I started my rose garden in March 1998. In my garden you will find... **Absolutely - 1998 New England Rose Trail Award ARS Rateing: NR Color: Creamy white outer petal's with reserse yellow inner petals are pale yellow, dusting of apricot pink. Description: Slightly frangrant, well formed. **Chicago Peace - 1962 ARS Rating: 7.7 Color: Pink with carey yellow base. Description: 5"-5-1/2" double; slight fragrant; more intense color than "Peace"; good cut. **Child's Play - 1991, AARS 1993, ARS Award of Excellence 1993 ARS Rating: NR Color: White and pink bicolor. Description: Medium sized semidouble, high, centered borne singly and insprays for 3 or more sweet fragrance. **Montezuma - Gold Medal Certificate, ARS 1948 ARS Rating: 8.0 Color: Salmon and orange. Description: 3" - 4-1/2" frangrant, long- lasting blooms/strong stems. **Rainbow's End - 1984, ARS Award of Excellence 1996 ARS Rating: 9.0 Color: Deep yellow with red edges, ages red all over. Description: Small double; hybird tea form, prolific constant; no fragrance. **Teddy Bear - New ARS Rating: NR Color: Unique terra cotta (russet) Description: Upright and vigorous, bloom in profuseone to a stem. ********************AND GROWING******************
After deciding on location, plant size, and color scheme it's time to select varieties. There is an astounding array of plants available in almost every conceivable combination of characteristics. Nearly two hundred and fifty different roses. Don't be over whelmed by the large number; once you've decided on the characteristics you want in a rose, the list becomes more mangeable.
A. Dig a hole as deep as the container and 5" TO 6" wider than it is. B. Fill with a little soil and water. Watering will help roots take to there new invironment. C. Fill with more soil to the top. Water well and ferilizer. (My favorite is Roses Miracle Grow.) D. Water twice a day (if no rain) and once a week with ferilizer.
A. Pruning can and should be done at any time to shape the plants or remove spent blooms. B. When cutting flowers or removing spent blooms, cut the cane above a five-leaf leaflet. C. Removing spent blooms and cutting flower will encourage the planet to produce even more blooms. After the first year, spring pruning consists of cutting away dead canes and spindly wood.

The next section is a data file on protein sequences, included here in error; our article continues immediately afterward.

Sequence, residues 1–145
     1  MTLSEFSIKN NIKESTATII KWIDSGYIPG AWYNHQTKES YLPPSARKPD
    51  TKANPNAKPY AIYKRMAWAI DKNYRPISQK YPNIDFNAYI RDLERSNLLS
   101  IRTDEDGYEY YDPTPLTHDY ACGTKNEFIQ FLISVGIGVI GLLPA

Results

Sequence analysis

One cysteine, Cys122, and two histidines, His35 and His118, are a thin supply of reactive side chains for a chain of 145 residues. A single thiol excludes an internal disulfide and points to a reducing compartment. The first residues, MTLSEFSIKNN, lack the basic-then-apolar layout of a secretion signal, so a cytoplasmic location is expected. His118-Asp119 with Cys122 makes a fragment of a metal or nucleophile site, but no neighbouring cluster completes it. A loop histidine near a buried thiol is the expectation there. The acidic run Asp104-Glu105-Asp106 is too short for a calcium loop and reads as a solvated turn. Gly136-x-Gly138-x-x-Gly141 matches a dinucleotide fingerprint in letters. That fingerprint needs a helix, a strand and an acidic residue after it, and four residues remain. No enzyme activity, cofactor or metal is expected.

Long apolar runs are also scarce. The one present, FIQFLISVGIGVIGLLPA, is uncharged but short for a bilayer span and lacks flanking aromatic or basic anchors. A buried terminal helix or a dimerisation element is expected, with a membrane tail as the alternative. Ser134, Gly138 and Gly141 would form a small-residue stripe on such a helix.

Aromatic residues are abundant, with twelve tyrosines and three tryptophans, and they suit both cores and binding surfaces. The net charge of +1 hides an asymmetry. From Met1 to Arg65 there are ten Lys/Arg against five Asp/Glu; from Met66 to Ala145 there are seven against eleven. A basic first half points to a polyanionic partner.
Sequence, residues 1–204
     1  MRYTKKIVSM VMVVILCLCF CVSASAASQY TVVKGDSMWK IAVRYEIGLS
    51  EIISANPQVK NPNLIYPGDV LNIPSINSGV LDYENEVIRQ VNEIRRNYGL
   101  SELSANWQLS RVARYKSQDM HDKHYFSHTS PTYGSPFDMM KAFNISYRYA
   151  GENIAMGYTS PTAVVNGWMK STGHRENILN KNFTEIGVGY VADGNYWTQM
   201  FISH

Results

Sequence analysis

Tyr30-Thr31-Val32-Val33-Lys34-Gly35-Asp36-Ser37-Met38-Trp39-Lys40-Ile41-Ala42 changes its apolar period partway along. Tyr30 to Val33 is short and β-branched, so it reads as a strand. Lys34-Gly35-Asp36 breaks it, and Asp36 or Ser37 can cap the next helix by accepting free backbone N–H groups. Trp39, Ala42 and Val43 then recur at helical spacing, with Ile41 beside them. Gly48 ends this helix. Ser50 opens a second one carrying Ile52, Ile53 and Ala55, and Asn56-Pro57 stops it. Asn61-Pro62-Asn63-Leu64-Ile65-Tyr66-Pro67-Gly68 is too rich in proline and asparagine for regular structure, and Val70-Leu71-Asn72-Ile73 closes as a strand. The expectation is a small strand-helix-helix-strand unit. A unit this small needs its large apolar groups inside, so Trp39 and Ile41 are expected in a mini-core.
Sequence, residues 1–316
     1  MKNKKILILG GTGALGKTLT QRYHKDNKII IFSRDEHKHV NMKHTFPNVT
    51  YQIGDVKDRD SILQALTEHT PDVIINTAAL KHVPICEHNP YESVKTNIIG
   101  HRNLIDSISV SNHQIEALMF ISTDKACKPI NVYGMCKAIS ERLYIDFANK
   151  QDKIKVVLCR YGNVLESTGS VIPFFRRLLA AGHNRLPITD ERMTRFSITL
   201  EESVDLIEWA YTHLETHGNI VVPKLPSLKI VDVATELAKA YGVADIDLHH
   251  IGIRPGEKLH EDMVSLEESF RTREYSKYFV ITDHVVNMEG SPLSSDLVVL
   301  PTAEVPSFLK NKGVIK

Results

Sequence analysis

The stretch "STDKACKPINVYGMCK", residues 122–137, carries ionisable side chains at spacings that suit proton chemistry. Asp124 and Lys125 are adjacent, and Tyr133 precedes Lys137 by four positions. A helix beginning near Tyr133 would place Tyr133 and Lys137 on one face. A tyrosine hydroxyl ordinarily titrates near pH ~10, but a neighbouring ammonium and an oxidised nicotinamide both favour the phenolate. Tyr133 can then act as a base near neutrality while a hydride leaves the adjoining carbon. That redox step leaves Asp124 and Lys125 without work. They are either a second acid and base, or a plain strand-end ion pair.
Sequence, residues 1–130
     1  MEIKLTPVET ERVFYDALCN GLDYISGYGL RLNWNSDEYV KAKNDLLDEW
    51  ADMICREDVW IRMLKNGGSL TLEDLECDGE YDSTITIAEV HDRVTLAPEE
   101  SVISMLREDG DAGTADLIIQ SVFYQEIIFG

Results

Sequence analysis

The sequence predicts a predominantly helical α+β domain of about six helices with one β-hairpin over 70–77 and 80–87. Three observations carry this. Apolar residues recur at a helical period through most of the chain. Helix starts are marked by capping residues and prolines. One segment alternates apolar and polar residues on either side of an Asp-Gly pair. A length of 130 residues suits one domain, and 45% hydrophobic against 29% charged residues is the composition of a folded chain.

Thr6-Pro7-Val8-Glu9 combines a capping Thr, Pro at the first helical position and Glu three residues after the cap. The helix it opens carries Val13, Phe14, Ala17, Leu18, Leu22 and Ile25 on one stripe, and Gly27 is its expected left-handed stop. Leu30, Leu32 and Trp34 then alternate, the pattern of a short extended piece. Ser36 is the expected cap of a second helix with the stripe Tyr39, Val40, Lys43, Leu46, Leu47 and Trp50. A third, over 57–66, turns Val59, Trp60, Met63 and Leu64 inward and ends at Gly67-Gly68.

Old roses also shold be pruned lightly. Prune one- time bloomers after flowering and repeat bloomers winter or early spring. Alba - Remove twiggy growth and cut back recent growth by one third after flowering. Bouron and Portland - In winter cut back the main canes by one third and the side shoots to buds. Trim twiggy growth after blooming. Centifolia and Moss - Reduce the canes and cut back growth by one third after blooming to produce a bushier plant. Damask - Remove twiggy growth after flowering; cut back laternal shoots to three sets of leaves. Cut back main canes to increase if desired. Gallica - Remove twiggy growth after the flowers bloom. Shape lighty during the winter if desired. Hybrid Perpetual - After the plants bloom, cut back the main shoots by one third and shorten the side shoots. Noistte - Prune bush forms as you would a hybird tea. Prune climbing forms as you would a blooming climber. Tea - Prune lightly as you would a hybird tea rosebush.
Every three years the ARS surveys it's memberships in all parts of the United States for their ratings on the roses they've grown. Varieties and cultivars are rated on a scale of 1 to 10, and the results published annually in the Handbook for Selecting Roses. The ARS breaks down the ratings qualitatively in the following ratings: 10.0 Perfect (Not yet achieved) 9.0-9.9 Outstanding 8.0-8.9 Excellent 7.0-7.9 Good 6.0-6.9 Fair 5.9 and lower Of questionable value.
Bark - Available commercially in chips form or finely ground. Very attractive and long lasting. Sawdust, wood chips or wood shavings - Low plant nutrients; depcomposes slowly; tends to to back down. Well-compossed material perferred, although fresh wood products can be used. When used as a surface mulsh, fresh wood doesn't deplete nitrogen supply as it does when worked into the soil. (Normal fertilizer program will take care of nitrogen requirements of uncomposted wood mulsh.) Keep away from building foundations; may attract termites. Grass clippings or hay - Probably the most readily available, but unattractive. Let dry before spreading. Repeated use builds up reserve of nutrients that last for years. Tree leaves (whole or shredded) - Excellent source humus. Rots rapidly; high in nutrients. Landscaping fabric - Excellent. Discourages weeds while allowing water topenetrate. Can be covered with thin layer of bark or other materical for a more attractive appearance.